Health Plans Demonstrate Value in Providing Care for Dual-Eligible Beneficiaries

With recent attention on programs for “dually eligible” beneficiaries, individuals who quality for both Medicare and Medicaid, it’s important to highlight health plans’ critical role in care delivery for these beneficiaries.

Health plans serve as a crucial safety net for approximately 1.5 million of our nation’s most vulnerable dual eligibles, many of whom have disabilities and chronic conditions.

By tailoring their benefits and services to address the unique needs of the specific populations they serve, these health plans are providing a high level of value to both beneficiaries and taxpayers.  For example, an analysis of the MassHealth Senior Care Options (SCO) program, a Massachusetts initiative that works with fully integrated dual eligible special needs plans, found dually-eligible beneficiaries enrolled in these plans were “less likely to be long-term nursing facility residents… and more likely to have a history of community focused care.”  Another study found health plans participating in the Texas STAR+PLUS program which includes dual eligibles reduced emergency room visits by 40% and inpatient admissions by 28% while promoting quality care.  These data indicate that coordinated care provided by the health plans participating in the SCO program are successfully providing care in less intensive settings while producing cost savings for states by reducing unnecessary institutionalization.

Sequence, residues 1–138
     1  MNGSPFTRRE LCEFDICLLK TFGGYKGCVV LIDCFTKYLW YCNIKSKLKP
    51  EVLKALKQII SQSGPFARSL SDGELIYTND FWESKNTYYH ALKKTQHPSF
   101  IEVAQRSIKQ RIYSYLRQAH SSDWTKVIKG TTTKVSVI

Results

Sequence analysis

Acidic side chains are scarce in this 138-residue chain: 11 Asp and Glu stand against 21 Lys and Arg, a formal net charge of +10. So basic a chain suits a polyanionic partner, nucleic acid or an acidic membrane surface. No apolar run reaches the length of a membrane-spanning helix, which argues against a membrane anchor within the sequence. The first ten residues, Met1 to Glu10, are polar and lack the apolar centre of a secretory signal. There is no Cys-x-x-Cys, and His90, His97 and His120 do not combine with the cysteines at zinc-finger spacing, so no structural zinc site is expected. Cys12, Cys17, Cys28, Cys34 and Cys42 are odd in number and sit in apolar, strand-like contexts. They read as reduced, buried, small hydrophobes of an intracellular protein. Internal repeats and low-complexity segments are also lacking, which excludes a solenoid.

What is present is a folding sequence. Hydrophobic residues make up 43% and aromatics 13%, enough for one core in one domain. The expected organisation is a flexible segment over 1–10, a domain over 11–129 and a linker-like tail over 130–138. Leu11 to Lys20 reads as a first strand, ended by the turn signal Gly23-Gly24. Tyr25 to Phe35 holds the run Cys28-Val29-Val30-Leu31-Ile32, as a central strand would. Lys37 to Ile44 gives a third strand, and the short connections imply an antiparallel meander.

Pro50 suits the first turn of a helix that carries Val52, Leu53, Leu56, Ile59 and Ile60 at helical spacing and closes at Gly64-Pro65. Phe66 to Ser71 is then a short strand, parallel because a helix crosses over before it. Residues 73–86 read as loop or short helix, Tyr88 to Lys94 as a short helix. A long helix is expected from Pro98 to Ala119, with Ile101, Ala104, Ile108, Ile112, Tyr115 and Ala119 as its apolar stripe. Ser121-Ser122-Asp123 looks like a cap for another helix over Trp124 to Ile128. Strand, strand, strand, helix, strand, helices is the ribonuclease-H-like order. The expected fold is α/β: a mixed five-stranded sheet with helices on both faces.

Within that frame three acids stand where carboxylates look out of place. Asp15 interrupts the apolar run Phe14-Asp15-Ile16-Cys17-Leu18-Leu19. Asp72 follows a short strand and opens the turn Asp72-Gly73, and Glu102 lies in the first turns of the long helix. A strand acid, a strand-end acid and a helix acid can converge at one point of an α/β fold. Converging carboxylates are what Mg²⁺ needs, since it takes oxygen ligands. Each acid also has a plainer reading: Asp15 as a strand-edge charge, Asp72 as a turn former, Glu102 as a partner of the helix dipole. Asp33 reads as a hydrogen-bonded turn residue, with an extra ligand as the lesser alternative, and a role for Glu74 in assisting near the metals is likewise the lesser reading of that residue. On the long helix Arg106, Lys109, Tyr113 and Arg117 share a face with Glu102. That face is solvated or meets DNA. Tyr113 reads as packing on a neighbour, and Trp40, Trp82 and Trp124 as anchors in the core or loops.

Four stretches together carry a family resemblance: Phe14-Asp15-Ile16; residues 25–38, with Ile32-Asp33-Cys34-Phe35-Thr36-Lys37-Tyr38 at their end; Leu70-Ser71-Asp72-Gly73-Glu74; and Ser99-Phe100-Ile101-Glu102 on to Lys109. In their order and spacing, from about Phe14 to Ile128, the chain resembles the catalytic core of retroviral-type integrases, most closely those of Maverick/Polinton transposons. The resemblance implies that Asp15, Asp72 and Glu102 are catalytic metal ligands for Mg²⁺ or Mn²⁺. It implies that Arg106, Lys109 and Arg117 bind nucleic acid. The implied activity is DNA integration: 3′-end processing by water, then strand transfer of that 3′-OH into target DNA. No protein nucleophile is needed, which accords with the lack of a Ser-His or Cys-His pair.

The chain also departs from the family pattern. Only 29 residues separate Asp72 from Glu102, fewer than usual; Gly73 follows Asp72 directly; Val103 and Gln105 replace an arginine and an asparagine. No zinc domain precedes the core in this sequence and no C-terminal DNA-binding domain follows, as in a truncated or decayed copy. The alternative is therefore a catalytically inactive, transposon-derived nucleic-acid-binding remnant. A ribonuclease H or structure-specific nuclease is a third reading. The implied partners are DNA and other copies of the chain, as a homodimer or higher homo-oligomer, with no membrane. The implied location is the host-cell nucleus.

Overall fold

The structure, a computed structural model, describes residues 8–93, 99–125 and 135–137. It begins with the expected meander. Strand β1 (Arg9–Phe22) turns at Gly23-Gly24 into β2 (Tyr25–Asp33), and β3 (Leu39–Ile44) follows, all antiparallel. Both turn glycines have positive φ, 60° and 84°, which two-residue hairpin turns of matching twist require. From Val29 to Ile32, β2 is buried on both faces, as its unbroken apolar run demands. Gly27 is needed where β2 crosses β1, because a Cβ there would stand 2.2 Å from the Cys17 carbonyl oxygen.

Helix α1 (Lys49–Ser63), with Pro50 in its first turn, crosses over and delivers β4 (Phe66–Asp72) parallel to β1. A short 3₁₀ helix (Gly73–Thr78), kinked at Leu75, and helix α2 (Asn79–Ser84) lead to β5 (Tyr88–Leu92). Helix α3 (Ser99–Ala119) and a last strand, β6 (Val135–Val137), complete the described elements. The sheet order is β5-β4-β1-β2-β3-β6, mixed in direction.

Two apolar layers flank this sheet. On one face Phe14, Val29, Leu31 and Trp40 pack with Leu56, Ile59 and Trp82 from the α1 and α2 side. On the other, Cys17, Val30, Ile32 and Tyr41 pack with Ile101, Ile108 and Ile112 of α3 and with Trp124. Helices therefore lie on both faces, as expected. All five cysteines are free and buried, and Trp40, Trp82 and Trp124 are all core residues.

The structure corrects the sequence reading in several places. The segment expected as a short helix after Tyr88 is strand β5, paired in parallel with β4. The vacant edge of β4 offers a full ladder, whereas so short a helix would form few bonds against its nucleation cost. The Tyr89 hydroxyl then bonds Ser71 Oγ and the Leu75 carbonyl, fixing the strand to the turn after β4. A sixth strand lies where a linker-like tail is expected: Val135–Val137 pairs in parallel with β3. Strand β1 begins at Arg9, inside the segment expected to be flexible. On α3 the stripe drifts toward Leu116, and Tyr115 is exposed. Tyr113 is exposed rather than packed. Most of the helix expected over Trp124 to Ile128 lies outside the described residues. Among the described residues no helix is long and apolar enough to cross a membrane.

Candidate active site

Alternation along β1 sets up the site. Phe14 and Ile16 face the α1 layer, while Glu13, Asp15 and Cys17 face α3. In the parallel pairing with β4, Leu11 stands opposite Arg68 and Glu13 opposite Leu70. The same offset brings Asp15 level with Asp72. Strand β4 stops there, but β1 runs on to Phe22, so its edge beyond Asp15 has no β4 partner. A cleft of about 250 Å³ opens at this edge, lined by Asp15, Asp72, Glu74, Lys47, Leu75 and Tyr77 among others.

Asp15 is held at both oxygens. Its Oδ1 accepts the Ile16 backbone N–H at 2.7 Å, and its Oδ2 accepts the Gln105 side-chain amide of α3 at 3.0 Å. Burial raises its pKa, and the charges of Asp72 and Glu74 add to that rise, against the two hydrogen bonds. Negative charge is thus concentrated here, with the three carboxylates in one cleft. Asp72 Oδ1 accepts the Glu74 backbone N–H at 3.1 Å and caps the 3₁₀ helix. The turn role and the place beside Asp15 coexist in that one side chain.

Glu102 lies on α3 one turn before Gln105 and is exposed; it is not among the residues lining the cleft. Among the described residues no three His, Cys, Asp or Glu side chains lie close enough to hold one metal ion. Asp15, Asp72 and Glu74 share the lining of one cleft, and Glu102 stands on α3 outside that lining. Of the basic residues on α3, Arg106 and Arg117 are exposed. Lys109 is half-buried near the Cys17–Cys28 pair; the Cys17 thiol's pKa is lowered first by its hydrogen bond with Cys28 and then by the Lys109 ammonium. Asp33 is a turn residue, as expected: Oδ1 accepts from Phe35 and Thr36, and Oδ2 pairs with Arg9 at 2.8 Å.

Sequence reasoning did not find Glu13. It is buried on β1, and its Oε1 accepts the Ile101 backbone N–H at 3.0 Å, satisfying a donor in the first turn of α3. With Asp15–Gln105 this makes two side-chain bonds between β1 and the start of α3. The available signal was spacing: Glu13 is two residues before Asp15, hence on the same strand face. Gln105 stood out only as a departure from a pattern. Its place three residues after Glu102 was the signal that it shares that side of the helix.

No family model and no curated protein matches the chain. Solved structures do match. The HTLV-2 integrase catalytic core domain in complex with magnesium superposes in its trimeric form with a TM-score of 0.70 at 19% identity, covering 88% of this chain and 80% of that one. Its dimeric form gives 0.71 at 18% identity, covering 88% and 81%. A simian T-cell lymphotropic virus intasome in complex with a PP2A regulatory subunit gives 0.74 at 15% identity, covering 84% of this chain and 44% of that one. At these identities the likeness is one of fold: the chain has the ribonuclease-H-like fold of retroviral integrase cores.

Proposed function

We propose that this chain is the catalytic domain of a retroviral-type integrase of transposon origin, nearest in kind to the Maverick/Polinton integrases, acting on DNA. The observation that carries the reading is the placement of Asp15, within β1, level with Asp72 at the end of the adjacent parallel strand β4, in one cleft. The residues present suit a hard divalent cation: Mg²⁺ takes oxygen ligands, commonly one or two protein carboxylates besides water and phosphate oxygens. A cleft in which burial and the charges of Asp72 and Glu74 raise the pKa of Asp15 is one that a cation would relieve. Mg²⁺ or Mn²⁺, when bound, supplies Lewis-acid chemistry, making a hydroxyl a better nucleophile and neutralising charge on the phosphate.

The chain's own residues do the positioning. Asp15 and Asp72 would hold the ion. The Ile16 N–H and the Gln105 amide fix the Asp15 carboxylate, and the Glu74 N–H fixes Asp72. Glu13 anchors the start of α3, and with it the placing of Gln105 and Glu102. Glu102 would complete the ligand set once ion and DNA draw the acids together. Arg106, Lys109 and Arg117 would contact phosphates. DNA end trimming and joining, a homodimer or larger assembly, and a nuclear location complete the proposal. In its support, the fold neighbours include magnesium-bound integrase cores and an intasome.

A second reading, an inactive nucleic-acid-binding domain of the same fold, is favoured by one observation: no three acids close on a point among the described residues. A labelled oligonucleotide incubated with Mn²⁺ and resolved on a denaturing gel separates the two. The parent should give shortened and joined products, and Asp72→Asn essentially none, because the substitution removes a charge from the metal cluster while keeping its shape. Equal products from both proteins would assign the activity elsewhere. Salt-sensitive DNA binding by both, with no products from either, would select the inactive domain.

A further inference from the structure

Health care costs for dual-eligibles are disproportionately high. Using projections from the Congressional Budget Office, federal spending on dual eligibles will total nearly $3.7 trillion over the next decade.  However, a recent AHIP study found that health plans are well-positioned to take the lead in coordinating the care of dual eligibles to achieve better health care outcomes and cost savings. These savings could potentially be as high as $125 billion to the federal government and $34 billion to states over ten years.  Furthermore, The Lewin Group found that savings of 3%-6% can be achieved by transitioning the dual eligible population into a fully integrated setting offered by health plans.

This entry was posted in Issue Alert and tagged . Bookmark the permalink.

Comments are closed.